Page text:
If you feel further explanation is necessary, please contact Human Resources.
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Questions you Questions that candidates may ask you are common as well. You may get
may get asked questions about the following:
A typical day in our office
Pros/Cons of St. John Fisher College
Average age/experience level of our employees
It’s a good idea to have some answers prepared in case these questions arise.
If you are asked a question that makes you feel uncomfortable, or that you
don't know how to respond, tell the candidate you are unsure, and that it
might be a better question for Human Resources.
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Avoid Closed Avoid asking questions that can be answered by a single word. Single-word
Ended answers don’t give you much information, and they don’t' give the candidate
Questions an opportunity to tell you all you need to know about that person.
Examples of questions that don't provide you with much valid information
Do you like working with people?
Did you like your last job?
Do you like working with PCs?
Open Ended Instead of asking questions that can be answered with just a single word, you
Questions Are want to pose questions that invite the candidate to talk about what he or she
Beneficial has done in the past. As the candidate talks, you have an opportunity to get
the information you need in order to make an informed hiring decision.
Use open-ended questions that ask for specific examples of past job behavior.
Past behavior is the best indicator of future performance. This means asking
focused questions that prompt the candidate to talk about past job experiences
in very specific detail.
Instead of asking hypothetical questions about how the candidate might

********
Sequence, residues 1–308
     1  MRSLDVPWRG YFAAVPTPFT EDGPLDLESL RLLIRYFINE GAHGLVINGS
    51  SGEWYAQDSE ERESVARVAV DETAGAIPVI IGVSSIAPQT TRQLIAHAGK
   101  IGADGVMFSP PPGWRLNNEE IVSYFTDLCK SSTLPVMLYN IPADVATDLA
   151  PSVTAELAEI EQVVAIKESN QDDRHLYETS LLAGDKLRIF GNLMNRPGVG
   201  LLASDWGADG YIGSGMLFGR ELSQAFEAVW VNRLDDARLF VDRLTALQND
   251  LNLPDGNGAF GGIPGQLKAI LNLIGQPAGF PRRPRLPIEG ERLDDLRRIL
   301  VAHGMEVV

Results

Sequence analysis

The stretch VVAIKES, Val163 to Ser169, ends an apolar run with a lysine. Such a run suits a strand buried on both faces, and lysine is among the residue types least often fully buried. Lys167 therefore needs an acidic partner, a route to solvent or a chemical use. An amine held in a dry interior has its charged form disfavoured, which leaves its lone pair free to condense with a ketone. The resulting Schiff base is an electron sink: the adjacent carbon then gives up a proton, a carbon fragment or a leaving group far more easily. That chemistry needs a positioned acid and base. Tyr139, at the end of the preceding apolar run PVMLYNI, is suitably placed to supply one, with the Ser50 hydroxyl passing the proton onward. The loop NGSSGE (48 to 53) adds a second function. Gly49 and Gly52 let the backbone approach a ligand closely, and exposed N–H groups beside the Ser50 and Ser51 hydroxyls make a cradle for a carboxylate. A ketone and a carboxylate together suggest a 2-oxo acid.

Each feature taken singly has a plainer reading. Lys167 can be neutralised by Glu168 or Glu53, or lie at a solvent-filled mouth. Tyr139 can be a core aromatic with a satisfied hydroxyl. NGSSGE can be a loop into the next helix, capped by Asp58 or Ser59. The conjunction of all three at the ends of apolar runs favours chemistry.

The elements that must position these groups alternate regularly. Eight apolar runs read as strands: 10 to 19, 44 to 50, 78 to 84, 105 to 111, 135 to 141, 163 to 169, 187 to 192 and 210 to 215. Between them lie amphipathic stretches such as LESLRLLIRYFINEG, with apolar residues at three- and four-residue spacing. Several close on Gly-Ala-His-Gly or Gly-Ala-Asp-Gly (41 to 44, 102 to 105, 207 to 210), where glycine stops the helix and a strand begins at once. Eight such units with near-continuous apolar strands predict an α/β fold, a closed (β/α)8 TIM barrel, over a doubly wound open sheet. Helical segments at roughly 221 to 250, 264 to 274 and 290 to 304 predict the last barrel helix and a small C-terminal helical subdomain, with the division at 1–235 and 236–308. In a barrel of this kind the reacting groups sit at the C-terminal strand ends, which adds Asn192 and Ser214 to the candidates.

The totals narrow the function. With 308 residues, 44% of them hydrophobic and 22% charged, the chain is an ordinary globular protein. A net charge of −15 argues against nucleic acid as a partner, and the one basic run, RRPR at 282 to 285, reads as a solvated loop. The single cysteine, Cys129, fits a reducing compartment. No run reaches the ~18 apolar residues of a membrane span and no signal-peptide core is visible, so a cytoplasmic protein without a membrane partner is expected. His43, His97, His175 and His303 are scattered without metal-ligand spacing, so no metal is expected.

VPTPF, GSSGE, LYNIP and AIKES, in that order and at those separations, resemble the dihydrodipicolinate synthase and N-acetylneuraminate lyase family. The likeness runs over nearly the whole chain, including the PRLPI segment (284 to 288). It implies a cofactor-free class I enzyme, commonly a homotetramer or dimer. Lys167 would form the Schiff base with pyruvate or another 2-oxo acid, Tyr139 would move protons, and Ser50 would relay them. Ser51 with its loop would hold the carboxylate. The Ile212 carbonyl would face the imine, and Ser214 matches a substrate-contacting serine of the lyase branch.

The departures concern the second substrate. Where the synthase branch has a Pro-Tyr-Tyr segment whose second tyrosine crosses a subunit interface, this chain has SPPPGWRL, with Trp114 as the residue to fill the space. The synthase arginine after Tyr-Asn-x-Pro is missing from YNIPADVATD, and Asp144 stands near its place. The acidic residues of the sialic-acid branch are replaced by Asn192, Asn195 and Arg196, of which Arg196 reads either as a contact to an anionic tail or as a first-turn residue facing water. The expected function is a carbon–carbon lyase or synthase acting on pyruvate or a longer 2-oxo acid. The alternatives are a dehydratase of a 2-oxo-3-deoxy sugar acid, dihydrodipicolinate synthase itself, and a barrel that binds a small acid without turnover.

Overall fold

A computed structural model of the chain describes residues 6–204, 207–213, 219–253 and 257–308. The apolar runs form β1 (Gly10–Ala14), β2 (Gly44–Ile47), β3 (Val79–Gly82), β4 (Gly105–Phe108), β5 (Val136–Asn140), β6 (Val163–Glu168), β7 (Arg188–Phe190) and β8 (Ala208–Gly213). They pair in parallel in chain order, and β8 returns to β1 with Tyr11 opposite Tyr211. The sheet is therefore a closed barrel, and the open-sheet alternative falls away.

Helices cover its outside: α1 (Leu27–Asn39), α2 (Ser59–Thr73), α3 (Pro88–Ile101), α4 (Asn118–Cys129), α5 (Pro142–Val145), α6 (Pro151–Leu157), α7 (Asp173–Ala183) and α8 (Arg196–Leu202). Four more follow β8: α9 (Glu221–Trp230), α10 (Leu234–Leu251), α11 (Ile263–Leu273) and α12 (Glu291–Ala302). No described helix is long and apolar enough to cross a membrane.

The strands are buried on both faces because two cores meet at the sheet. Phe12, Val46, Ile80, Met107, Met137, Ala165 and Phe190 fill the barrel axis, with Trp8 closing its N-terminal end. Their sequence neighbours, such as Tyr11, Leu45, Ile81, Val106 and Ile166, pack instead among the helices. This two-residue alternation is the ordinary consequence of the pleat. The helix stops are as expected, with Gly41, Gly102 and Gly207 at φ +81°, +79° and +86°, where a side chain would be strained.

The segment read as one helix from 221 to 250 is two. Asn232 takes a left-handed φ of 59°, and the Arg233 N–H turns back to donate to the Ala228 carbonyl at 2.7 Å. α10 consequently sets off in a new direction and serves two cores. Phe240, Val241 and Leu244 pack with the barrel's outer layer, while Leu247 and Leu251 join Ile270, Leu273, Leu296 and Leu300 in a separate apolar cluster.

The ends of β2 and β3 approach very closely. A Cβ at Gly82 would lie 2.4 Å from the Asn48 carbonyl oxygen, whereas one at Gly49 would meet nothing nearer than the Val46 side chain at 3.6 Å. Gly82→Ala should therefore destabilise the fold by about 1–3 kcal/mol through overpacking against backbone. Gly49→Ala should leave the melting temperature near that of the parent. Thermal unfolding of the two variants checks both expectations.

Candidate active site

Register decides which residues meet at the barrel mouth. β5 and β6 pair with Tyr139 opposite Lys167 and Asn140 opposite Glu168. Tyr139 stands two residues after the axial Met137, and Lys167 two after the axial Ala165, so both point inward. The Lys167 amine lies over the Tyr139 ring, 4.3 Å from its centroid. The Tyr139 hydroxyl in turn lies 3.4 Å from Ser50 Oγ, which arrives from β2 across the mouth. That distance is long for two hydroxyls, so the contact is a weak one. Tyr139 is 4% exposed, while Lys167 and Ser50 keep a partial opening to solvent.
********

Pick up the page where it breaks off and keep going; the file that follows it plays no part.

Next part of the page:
handle some future task, ask specifically how the candidate handled
something similar in his or her past position. Since past behavior is the best
indicator of future performance, you want to get the candidate talking about
how he or she handled situations similar to those that will be experienced in
the new job. Keep your questions focused and ask for specific information.
Here are some examples:
What have you done to make your job or your area more efficient or
This job involves dealing with difficult clients. Think of a time when you
had to deal with a difficult customer and tell me what you did.
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After the Interview
Documenting Documentation is very important in the interview process. It is an important
the Interview tool for many reasons, one being a great way for you to recall certain things
about each candidate. Often there will be several candidates interviewed for
one position, and after so many hours of interviews, it can be confusing as to
who said what.
Certain things cannot be documented legally, and audits can take place to
ensure our college is recording proper facts and observations of our
Good and Bad It is important for you to document your thoughts clearly. An effective
Note-taking interview will have good notes to document it. Here are some examples of
good and bad note-taking.
Good notes should be:
Bad notes are:
Personal (not job related)
Hiring Interviewers have a very important job in today’s business environment.
decisions Interviewing and selecting the right personnel is one of the most critical
things you must do to reach organizational goals. The hiring decisions made
today will influence the college for a long time to come. Because of this,
organizations cannot afford to base hiring decisions on gut feelings. As
interviewers, you’ll need a system to help ensure you make the right hiring
decisions and rely on “more than a gut feeling”.